Excessive exercise might be an endocrine disruptor. This can interrupt a person’s monthly cycle. According to Kollath, “be especially careful when dieting down to a very low caloric intake as well as a very low body fat percentage,” because doing so “can induce a plethora of hormone disorders, including the loss of a menstrual cycle (dysmenorrhea).”
To avoid this, she advises menstruating bodybuilders to “ensure you have built up your caloric maintenance range to the high 2,000s—anywhere from 2,500-3,000 calories per day—to maintain weight,” so they are better prepared when they begin decreasing calories before contests.
Eating Disorders and Body Dysmorphia
People of all genders are at risk of developing eating disorders, although they are three to four times more common in women than in males, according to statistics. For disorders such as anorexia, the gap is even more pronounced, with one resource stating that “between 0.9 percent and 2.0 percent of females and 0.1 percent to 0.3 percent of males will develop anorexia.”
Kollath claims that female-presenting people, who are often assessed harsher than male-presenting persons, are more vulnerable in this situation. “You’re being judged based on how your body appears, which might be dangerous for some individuals,” Kollath says. “This can lead to too compulsive behavior around body image, which can lead to eating disorders and severe body dysmorphia in some.”
More Muscle Damage
There isn’t much explanation yet, but it looks that women are at a higher risk of muscle damage from prolonged endurance training. According to PubMed, “new research have revealed that women may endure higher muscle injury than men, based on indirect assessments.”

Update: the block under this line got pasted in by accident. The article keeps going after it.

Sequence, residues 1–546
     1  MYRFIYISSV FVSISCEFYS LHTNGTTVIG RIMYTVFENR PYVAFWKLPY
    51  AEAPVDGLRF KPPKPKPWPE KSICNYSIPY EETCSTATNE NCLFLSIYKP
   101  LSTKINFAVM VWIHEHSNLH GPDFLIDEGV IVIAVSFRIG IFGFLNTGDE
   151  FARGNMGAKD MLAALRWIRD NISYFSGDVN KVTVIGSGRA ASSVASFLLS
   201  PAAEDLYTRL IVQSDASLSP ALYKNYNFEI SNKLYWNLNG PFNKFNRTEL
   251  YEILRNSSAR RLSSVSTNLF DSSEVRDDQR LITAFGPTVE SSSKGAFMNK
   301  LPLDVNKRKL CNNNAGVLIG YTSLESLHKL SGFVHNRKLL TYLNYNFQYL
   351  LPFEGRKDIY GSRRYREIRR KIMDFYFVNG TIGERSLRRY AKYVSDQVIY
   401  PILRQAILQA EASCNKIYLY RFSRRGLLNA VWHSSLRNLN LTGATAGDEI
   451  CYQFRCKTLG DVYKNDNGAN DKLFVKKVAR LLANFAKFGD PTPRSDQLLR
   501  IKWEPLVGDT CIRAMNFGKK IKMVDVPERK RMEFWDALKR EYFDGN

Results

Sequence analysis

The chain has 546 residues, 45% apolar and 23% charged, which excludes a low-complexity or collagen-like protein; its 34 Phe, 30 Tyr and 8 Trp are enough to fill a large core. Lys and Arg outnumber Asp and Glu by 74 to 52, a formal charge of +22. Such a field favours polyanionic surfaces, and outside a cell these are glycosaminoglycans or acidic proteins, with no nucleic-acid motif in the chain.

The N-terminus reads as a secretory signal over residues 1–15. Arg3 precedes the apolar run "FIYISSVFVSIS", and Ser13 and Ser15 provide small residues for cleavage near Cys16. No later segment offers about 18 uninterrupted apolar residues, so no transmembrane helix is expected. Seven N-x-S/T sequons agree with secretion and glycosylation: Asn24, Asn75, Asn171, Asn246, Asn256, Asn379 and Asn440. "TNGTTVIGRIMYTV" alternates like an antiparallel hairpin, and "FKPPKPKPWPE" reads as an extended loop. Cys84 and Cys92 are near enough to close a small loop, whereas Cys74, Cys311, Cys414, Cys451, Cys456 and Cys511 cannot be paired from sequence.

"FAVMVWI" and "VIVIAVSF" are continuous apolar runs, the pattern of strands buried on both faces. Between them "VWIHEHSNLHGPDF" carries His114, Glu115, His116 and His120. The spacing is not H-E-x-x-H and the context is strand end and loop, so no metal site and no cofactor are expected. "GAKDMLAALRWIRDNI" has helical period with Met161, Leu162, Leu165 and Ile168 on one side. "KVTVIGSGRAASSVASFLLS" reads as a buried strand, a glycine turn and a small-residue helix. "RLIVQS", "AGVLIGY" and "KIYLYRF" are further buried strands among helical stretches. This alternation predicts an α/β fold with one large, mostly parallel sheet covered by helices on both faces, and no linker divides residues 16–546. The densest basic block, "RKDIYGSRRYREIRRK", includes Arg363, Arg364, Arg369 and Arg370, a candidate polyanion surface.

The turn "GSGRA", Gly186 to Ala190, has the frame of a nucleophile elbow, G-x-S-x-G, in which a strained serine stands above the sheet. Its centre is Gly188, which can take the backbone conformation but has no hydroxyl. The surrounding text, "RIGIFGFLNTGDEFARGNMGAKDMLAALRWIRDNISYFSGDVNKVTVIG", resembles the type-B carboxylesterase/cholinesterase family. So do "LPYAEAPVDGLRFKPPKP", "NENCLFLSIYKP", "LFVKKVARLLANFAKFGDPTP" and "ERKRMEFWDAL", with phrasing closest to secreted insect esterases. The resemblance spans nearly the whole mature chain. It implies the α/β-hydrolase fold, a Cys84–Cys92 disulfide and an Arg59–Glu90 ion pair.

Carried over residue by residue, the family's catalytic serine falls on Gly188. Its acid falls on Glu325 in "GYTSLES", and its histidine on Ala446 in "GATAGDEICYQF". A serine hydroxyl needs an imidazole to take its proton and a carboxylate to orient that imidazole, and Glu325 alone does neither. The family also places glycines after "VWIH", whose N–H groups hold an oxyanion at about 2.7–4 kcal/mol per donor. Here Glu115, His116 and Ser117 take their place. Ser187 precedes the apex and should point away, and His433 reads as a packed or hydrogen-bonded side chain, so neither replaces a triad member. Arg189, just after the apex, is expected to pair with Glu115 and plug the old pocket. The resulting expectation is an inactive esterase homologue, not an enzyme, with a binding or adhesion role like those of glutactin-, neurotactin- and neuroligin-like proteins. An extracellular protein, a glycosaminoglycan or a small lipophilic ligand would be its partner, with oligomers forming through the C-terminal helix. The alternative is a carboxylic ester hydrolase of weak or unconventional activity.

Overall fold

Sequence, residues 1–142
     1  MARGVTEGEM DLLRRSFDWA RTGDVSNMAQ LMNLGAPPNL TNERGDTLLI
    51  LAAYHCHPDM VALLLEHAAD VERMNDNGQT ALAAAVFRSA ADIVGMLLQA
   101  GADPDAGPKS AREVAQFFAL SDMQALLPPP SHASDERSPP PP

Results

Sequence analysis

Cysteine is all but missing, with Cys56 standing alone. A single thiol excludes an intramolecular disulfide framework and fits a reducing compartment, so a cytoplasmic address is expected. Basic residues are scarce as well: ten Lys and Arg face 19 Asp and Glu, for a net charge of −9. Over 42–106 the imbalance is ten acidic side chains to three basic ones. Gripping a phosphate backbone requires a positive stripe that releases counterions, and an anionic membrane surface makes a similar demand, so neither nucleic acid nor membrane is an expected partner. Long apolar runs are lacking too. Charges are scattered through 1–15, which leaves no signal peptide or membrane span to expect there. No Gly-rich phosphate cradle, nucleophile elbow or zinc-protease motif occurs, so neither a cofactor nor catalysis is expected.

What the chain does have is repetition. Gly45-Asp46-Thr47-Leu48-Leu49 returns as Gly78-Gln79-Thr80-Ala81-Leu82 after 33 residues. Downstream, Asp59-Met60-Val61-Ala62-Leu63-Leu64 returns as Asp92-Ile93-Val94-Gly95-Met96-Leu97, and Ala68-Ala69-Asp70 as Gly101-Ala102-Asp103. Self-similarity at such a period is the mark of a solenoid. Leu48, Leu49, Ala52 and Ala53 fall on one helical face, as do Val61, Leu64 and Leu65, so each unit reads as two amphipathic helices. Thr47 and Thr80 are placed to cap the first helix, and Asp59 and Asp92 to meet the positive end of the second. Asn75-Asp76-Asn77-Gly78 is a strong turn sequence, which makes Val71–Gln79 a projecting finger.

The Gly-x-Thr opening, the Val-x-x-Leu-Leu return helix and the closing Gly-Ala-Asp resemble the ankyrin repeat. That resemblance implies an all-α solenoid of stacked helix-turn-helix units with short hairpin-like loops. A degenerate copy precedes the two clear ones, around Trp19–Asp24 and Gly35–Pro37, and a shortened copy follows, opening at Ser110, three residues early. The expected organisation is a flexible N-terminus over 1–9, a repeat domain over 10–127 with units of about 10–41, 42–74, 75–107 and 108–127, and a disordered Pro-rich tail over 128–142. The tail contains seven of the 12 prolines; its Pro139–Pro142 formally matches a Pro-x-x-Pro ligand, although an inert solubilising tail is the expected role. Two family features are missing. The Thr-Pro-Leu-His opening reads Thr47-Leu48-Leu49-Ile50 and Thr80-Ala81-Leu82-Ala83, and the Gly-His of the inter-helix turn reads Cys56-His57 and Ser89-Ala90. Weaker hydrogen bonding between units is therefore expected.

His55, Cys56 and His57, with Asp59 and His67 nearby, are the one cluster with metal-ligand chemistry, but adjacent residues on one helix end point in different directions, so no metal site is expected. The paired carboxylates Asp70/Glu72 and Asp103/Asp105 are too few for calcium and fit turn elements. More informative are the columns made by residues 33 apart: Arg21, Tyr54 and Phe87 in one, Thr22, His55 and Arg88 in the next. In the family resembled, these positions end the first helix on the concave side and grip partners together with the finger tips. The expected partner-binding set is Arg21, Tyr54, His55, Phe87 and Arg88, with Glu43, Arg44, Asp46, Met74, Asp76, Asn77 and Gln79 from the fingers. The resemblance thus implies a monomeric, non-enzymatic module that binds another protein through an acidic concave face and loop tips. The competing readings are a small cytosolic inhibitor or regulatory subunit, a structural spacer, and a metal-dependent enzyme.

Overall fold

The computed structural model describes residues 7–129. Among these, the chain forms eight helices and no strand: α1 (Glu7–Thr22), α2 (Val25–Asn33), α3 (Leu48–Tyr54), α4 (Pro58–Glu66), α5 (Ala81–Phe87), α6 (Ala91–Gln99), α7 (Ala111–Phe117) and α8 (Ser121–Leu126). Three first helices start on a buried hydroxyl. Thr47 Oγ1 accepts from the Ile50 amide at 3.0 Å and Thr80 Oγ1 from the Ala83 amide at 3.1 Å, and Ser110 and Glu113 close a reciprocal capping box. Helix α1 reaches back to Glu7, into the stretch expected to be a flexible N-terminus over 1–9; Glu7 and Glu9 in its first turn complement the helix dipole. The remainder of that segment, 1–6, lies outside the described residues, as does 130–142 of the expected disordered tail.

Building a Bodybuilding Workout Routine
When you’ve chosen to give bodybuilding a shot, it’s time to start planning your journey. Kollath advises “at least two years of resistance training experience in order to build adequate muscle and healthy eating habits before embarking on the journey to a bodybuilding competition.” She also advises “focusing on building your caloric intake to a high enough level where you can build muscle and maintain that muscle before embarking on the journey to a bodybuilding competition.”
“The training plan can and should vary during your competition prep,” adds Kollath, once you’re experienced enough to start bodybuilding. “You always want to make sure that there is some sort of progressive overload in your routine in addition to the main compound lifts such as squats, deadlifts, presses, rows, etc. Most bodybuilders will eventually work their training split into body parts to incorporate more isolation movements to build the ‘details’ that they’ll show off on stage,” she says.
- Monday: Legs, calves, core
- Tuesday: Back, biceps, forearms
- Wednesday: Chest, triceps, core
- Thursday: Shoulders, legs, calves
- Friday: Chest, back, triceps, biceps
- Saturday: Cardio, core
- Sunday: Rest and/or easy cardio
She also provided an example program for a Monday (legs, calves, core) workout:
- Back squat: 4 sets x 8 -12 reps, rest 90 seconds
- Romanian deadlift: 3 sets x 10-12 reps, rest 60 seconds
- Walking lunges: 3 sets x 8-12 reps per leg, rest 60 seconds
- Farmers carry x 30 seconds superset with reverse crunches x 10-15 reps x 3-4 sets, rest 60-90 seconds
- Standing calf raise: 3-4 sets x 15-20 reps, rest 30 seconds
Bodybuilding is the process of improving your physical appearance via exercise. Muscle growth and tone are common goals, and some bodybuilders compete in competitions to determine who has the best physique. To begin bodybuilding, you need have a multi-year foundation of exercise and correct diet; this is the greatest method to assure you do it safely. If you have AFAB, you may have extra problems, such as a loss of monthly cycle and significant muscle injury.
When broken down into a weekly cycle, getting started with bodybuilding is rather simple, and workouts don’t have to be complicated. If you’ve been on the fence about giving it a shot, you now have the information you need to leap over that barrier and into the gym.